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the late rebellion. The following dreadful oath has been generally administered among them :
"I. A. B. of my own voluntary will, do declare, and solemnly swear, that I will never reveal to any person or persons, in any place or places, under the canopy of heaven, the names of the persons who compose the secret committee, either by word, deed, or sign; their proceedings, meeting place, abode, dress, features, marks, complexion, connections, or any thing else that may lead to the discovery of the same; on the penalty of being put out of the world by the first brother that shall meet me, my name and character blotted out of existence, and never to be remembered but with contempt and abhor rence. I further swear, that I will use my best endeavours to punish by death, any traitor or traitors, should any rise up amongst us, he or them; and though he should fly to the verge of nature, I will pursue him with unceasing vengeance. So help me God to keep this oath inviolable *."
The committees dwell on the extreme difficulty of procuring evidence to convict of fenders, in consequence of the system of terror which has been enforced, not only by threats, but assassination ;—and on the eager ness and activity which have been displayed in procuring fire-arms, and in acquiring a knowledge of their use.
The legislative measure, founded on this report, is confined to the counties of Nottingham, Lancashire, and Cheshire, and the
The following passage of Scripture, which it appears, though not from the report of the committee, has been extensively used as a motto by the insurgents, too plainly indicates the designs of at least some among them:-" And thou, profane wicked prince of Israel, whose day is come, when iniquity shall have an end; thus saith the Lord God, Remove the diadem, and take off the crown: this shall not be the same: exalt him that is low, and abase him that is high. I will overturn, overturn, overturn it; and it shall be no more, until he come whose right it is; and 1 will give it to him." Ezek. xxi. 25-27. It is no more than justice, however, to add, that there is good reason to believe that not a single religionist of any description has been concerned in these disturbances. This is an important fact, which ought by no means to be overlooked. It is well known indeed, that among our revolutionary spirits, some years back, it used to be considered as a decided mark of incivism to have a Bible in the house.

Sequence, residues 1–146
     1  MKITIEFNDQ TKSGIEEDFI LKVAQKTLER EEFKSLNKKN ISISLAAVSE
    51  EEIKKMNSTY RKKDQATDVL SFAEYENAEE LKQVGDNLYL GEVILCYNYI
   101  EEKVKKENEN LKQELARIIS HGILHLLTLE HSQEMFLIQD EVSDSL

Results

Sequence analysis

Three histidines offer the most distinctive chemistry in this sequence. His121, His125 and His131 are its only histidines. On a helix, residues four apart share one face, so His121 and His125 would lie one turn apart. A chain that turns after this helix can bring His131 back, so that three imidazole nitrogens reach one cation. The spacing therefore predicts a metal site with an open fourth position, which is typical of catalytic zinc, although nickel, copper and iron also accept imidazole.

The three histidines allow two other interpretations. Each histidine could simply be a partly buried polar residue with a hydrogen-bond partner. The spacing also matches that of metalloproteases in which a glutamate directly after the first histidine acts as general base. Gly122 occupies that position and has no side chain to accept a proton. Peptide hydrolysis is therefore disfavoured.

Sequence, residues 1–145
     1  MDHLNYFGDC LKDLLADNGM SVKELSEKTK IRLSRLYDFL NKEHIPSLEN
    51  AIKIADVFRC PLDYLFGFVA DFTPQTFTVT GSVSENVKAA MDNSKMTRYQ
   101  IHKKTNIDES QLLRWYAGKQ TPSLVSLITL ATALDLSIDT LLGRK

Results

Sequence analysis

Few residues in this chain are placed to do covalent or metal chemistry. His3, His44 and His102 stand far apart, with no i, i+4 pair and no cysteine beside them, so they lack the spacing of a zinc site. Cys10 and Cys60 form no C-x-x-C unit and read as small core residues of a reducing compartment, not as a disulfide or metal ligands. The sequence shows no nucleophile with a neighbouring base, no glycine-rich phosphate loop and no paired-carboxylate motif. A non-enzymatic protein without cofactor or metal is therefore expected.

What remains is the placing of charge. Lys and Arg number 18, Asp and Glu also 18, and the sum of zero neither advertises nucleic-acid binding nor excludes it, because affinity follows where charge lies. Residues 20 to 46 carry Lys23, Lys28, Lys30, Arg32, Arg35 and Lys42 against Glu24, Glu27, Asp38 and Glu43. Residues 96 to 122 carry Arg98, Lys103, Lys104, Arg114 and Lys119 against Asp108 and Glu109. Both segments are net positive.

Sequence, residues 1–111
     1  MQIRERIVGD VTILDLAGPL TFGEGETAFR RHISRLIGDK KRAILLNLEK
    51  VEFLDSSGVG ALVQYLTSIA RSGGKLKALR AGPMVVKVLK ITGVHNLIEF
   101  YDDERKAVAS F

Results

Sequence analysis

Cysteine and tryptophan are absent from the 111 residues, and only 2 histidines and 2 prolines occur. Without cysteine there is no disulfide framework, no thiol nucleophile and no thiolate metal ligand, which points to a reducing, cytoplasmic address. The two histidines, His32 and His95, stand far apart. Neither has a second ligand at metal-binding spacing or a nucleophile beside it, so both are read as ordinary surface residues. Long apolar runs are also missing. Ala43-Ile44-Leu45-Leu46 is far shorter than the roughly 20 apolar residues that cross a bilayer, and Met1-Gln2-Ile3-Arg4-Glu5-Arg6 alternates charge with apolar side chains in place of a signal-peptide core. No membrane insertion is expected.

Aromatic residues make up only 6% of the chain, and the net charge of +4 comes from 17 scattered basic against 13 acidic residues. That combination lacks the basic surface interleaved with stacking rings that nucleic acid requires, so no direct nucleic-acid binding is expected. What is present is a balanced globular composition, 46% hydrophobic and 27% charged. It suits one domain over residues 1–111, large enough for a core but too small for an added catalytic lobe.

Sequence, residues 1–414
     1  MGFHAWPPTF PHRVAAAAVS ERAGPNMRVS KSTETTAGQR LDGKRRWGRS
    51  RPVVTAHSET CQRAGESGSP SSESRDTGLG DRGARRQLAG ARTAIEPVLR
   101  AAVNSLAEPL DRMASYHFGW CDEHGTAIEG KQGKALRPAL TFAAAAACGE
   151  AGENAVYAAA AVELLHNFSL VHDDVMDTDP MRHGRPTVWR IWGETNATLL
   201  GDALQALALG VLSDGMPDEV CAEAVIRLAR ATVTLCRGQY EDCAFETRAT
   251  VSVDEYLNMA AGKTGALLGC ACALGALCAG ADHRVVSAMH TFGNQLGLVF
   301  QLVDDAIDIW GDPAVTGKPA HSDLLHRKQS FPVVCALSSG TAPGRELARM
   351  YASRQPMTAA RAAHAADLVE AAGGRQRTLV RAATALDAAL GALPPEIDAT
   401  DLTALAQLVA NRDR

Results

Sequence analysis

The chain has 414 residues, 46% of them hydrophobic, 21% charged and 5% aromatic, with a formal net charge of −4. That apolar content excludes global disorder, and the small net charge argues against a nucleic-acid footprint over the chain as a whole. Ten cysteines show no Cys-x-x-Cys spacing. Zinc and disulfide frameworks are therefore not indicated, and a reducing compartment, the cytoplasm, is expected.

West Riding of York. It gives to magis trates a power of searching for and seizing secreted arms; also a power of summarily dispersing tumultuary meetings, and ap prehending persons engaged in them, without waiting the time which is prescribed by the Riot Act; and of holding them to bail till the quarter sessions, where they may be tried as for a misdemeanor. It gives, moreover, to the magistrates of the adjacent counties a concurrent jurisdiction, so as to prevent the rioters from eluding justice by crossing the boundary line of their counties. This law is to continue in force only till the next meeting of Parliament; and though confined at present to four counties, it may be extended to others by proclamation. Ministers expressed a hope, that this mild measure would be found sufficient to suppress the present disturbance; but if not, Parliament would be again assembled, at whatever inconvenience, rather than resort to a harsher measure in the first instance than appeared to be absolutely necessary. It is impossible too highly to commend this spirit of moderation and forbearance on the part of Government.